Planning the design

The aim of the flexible two-phase approach is to choose subjects for genotyping to optimize the study power for given costs. This is achieved by oversampling subjects with positive gene proxy and environmental exposure.

In practice, such oversampling could be done during case/control recruitment using a short interview that allows assessment of the environmental exposure and the gene proxy (e.g., a family history of disease) and getting a blood/buccal sample (for genotyping) only for the subjects sampled for Phase Two based on the results of this first interview.

Step 1: The stratification is by gene surrogate and environmental exposure (Table 3, line 1).

Step 2 entails choosing the stratum-wise numbers of cases and controls to be included in Phase Two. We use our general heuristic rule with respect to E and fix at 50% the target numbers of E+ and E- to be included in Phase Two among cases and controls. The amount by which we oversample SG+ will be considered through use of two additional parameters, the proportion of controls ρ0 with SG+ and the proportion ρ1 of cases with SG+. For example, if we selected 800 controls and 400 cases with proportions ρ0 = 80% and ρ1 = 60%, this would correspond to 800*50%*80% = 320 E+ SG+ controls, 400*50%*60% = 120 E+ SG+ cases, 800*50%*20% = 80 E+ SG- controls and so on.

Comparing designs

We now consider a series of design options for this example for which we compare power and cost. To meet the constraints on availability and capacity fixed above, the designs considered have numbers of cases ranging from 100 to 600 and numbers of controls from 400 to 1100 in steps of 100, with a maximum of 1200 subjects to be included in Phase Two. For each of these combinations, ρ0 and ρ1 are varied from 40% to 90%. This corresponds to several hundred possible designs for each combination of sensitivity and specificity of SG.

Table 4 shows, for each combination of sensitivity and specificity, the design which achieves the maximal power to detect ORI = 5. Only designs achieving 80% power are shown. For example, if SG has 80% specificity and 70% sensitivity, the design with the highest power would include 400 cases and 800 controls with ρ1 = ρ0 = 90% SG+ (Table 4, line 4). We would, thus, include 90%*400 = 360 SG+ cases and 720 SG+ controls for genotyping. The expected numbers of cases to be screened would be 1889 and the expected number of controls would be 8780.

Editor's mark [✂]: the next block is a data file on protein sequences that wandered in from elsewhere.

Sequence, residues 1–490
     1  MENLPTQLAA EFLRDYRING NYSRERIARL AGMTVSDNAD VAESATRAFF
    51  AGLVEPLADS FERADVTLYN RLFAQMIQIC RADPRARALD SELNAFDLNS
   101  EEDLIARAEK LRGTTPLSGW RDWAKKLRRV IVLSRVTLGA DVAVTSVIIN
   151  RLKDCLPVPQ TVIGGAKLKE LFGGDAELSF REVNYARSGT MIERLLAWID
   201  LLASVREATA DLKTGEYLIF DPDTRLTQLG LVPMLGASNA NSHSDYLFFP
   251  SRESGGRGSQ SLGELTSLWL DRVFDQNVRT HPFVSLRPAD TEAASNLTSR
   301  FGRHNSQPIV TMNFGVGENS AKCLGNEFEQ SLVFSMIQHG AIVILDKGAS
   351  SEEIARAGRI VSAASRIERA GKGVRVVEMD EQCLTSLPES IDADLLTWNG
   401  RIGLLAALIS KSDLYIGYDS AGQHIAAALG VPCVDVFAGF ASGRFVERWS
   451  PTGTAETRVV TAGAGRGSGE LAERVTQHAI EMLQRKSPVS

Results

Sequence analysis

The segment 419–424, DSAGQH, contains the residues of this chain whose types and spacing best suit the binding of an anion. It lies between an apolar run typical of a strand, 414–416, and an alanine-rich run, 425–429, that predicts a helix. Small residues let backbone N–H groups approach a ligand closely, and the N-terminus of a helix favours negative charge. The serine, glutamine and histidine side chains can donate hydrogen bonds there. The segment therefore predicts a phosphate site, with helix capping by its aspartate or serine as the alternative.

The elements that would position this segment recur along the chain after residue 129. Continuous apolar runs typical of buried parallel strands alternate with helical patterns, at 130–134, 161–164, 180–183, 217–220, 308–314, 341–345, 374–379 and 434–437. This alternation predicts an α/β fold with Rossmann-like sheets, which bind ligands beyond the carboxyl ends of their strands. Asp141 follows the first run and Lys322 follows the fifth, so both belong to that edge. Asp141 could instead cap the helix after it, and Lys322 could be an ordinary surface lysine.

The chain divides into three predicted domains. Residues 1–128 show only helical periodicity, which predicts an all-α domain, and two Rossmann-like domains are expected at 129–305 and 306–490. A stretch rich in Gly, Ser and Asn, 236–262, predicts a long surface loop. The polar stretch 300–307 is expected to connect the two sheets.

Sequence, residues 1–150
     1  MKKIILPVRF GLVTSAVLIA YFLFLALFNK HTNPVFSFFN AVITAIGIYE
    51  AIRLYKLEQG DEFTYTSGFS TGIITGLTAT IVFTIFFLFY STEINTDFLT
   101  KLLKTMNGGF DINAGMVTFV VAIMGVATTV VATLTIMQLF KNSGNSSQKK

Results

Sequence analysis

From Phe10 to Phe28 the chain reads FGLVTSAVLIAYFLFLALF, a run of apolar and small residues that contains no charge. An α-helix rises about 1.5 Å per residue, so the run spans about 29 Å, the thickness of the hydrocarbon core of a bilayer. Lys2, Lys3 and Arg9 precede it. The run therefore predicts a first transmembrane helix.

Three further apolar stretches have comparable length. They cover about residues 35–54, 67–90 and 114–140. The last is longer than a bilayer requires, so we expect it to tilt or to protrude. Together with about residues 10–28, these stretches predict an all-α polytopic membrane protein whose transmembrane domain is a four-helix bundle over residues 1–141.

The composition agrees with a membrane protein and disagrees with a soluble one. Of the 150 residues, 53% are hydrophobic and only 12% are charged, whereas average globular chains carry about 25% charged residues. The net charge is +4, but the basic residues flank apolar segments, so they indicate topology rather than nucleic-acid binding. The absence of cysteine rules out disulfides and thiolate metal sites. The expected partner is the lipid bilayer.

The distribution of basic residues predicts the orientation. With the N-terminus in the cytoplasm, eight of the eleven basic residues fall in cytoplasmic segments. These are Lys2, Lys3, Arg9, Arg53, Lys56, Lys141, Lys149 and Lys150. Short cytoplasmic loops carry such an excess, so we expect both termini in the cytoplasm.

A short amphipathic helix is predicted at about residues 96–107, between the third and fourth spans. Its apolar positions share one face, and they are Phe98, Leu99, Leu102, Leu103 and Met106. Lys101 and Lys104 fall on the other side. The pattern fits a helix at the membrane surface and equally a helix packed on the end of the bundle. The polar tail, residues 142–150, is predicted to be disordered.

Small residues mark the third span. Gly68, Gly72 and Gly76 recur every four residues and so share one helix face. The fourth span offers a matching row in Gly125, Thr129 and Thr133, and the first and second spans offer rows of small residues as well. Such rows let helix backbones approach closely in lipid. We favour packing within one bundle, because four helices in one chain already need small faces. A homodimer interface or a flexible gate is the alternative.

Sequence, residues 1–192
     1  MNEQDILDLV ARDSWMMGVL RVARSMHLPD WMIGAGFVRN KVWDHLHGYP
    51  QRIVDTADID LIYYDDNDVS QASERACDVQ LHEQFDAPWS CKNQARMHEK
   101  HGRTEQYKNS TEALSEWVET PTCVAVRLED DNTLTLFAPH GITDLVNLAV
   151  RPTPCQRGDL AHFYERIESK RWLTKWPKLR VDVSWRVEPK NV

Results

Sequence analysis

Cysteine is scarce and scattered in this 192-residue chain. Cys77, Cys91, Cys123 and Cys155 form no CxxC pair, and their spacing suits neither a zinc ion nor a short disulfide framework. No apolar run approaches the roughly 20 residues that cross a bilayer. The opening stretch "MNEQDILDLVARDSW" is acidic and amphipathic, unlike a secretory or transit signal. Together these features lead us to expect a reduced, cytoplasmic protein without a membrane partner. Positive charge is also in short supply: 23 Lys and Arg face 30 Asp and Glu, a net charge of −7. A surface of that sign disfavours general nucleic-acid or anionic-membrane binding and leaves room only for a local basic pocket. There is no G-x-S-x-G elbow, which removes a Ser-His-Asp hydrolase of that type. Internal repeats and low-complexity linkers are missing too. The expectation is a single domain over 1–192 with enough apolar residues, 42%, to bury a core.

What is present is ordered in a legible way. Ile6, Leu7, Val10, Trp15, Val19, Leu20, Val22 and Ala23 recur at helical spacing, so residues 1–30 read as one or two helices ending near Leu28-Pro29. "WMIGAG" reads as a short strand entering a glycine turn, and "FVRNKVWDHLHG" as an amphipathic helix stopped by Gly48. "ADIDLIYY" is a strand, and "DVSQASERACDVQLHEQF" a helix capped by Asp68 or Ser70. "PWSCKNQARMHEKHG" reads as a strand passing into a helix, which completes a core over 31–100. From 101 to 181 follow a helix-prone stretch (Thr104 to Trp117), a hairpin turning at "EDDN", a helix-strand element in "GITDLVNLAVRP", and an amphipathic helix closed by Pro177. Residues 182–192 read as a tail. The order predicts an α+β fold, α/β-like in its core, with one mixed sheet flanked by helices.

Table 4 Designs with maximal power of detecting the interaction, according to sensitivity and specificity

Table 5 shows, for each combination of sensitivity and specificity, the design which achieves the minimal cost with 80% power to detect ORI = 5. Using the same example as above, this design would include 300 cases with 80% SG+ and 600 controls with 90% SG+. This would imply screening 1259 cases and 6585 controls and would correspond to a 25% cost decrease compared to the most powerful design (1292 vs. 1733) (Table 5, line 4).

Table 5 Designs with minimum cost among designs with 80% power of detecting the interaction

Note that the better the proxy, the more effective the flexible two-phase approach. For example, for a gene proxy with 70% specificity and 80% sensitivity, the most cost effective design costs 1534 units whereas the most cost effective design for a gene proxy with 90% specificity and 90% sensitivity costs 1082 units.

Comparison with standard case-control studies

For the scenario considered, the most powerful standard case-control study with 1200 genotyped subjects would include 300 cases and 900 controls with an expected var(βI) = 0.96, corresponding to a statistical power of 37%. Achieving 80% power would require var(βI) = 0.33. Thus, for a standard case-control study to attain 80% power, it would require genotyping of 870 cases (i.e. 300 × 0.96/0.33) and 2610 controls (i.e. 900 × 0.96/0.33), totaling a cost of 3480 units. This compares to 1534 units in the most cost-effective flexible two-phase design assuming 70% specificity and 80% sensitivity.

Comparison with balanced two-phase studies

A second comparison of interest would be a comparison with balanced two-phase studies, the design that is generally recommended in papers on two-phase studies (see [1, 2, 12]). As mentioned in the introduction, these studies start from a fixed Phase One sample and draw equal numbers in each stratum for Phase Two data collection. In order to be comparable to our flexible design, we considered a design in which 8000 controls and 2000 cases were assessed in Phase One and 800 controls and 400 cases included in Phase Two. As the design is balanced, we selected equal numbers, i.e., 200 controls and 100 cases from each stratum defined by SG × E.